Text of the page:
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Élisabeth Côté, Project Manager at Pointe-à-Callière, Montréal Archaeology and History Complex, highlights the era of early Montréalers, the French missionaries who came to establish Ville-Marie in 1642. Visible traces of this history remain even today.
Created by Canada’s History
Five years before Expo 67, the site it was going to be held on did not even exist — everything was created from scratch. Bruno Paul Stenson tells us about the process of making Expo 67 a reality, and the exceptional results obtained.
When Prohibition swept across the United States and the majority of Canadian provinces, Montreal became the destination for individuals on the quest for fun. The legendary Red Light was the go-to spot for those seeking to procure pleasures of the legal, and illegal, kind.
Amazing discoveries were made during the various archaeological excavations on the site of fort Ville-Marie. A unique project, it required sophisticated technical prowess in the areas of heritage conservation and development.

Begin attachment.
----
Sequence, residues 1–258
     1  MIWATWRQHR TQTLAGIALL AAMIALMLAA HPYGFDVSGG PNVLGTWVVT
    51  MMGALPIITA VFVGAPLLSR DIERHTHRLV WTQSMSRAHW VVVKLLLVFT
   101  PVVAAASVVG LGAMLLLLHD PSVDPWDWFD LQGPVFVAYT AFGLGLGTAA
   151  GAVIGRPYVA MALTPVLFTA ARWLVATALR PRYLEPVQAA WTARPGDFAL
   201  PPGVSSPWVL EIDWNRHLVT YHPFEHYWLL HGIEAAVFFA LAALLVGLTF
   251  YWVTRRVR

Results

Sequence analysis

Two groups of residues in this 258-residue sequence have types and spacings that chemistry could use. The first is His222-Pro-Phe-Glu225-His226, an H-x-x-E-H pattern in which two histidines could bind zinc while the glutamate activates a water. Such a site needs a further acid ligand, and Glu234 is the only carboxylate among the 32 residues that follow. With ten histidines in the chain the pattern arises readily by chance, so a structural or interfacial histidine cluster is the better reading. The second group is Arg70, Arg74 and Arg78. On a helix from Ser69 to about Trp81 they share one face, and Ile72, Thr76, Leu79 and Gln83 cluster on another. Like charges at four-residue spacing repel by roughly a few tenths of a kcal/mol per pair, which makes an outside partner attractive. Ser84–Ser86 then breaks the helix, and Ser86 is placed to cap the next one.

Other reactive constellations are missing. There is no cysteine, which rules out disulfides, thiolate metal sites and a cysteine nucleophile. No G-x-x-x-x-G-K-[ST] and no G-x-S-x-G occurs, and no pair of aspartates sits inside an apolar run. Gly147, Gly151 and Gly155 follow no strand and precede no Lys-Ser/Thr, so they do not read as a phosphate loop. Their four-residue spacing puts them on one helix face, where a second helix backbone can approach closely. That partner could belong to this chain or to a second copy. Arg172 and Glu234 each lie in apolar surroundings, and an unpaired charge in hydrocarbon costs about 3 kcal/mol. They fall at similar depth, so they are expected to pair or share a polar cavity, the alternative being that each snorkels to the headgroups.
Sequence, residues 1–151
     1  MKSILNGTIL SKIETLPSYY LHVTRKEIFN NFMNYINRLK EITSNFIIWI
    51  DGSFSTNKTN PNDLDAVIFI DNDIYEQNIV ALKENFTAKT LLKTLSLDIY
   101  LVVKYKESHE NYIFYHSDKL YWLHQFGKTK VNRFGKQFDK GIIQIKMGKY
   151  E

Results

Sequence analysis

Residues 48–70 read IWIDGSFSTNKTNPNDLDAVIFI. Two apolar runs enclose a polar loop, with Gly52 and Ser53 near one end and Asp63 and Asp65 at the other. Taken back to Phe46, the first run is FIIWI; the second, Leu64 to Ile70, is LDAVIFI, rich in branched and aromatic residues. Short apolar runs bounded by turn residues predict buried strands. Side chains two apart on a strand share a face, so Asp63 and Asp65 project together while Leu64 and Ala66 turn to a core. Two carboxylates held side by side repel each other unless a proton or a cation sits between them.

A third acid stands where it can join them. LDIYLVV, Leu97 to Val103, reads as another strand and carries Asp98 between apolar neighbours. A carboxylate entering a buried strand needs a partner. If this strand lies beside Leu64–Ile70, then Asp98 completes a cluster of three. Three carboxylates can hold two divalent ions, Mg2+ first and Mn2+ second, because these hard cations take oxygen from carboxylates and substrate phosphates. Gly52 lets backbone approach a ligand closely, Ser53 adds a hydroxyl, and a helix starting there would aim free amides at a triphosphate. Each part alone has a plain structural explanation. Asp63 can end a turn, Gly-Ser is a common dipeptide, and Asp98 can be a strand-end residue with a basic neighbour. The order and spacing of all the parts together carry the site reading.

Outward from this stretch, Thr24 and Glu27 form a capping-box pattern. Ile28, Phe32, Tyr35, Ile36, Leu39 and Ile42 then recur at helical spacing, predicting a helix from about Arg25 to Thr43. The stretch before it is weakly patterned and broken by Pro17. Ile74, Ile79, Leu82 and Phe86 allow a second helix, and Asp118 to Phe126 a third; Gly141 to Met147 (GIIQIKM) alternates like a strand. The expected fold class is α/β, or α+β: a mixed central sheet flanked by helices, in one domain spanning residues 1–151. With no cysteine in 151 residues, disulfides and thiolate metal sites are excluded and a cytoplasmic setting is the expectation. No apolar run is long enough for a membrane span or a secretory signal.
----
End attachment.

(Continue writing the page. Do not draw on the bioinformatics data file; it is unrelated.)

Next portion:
Ms. Francine Lelièvre, Executive Director of Pointe-à-Callière, the Montréal Archaeology and History Complex, tells us about an exceptional archaeological site, that of the first Parliament of the United Province of Canada.
A huge thank you to Pointe-à-Callière, cité d’archéologie et d’histoire de Montréal for their valuable collaboration in the making of this episode.
Introducing a few of the many Montréalers who became important figures in Canadian history.
French Canadian, a term rooted in common ancestry, religion, and language, gave way to Québécois, one based on territory and language. No longer did one have to be Catholic or French Canadian to embrace the new identity.
Before there was Montréal, there was Hochelaga — a sixteenth-century agricultural community that mysteriously vanished.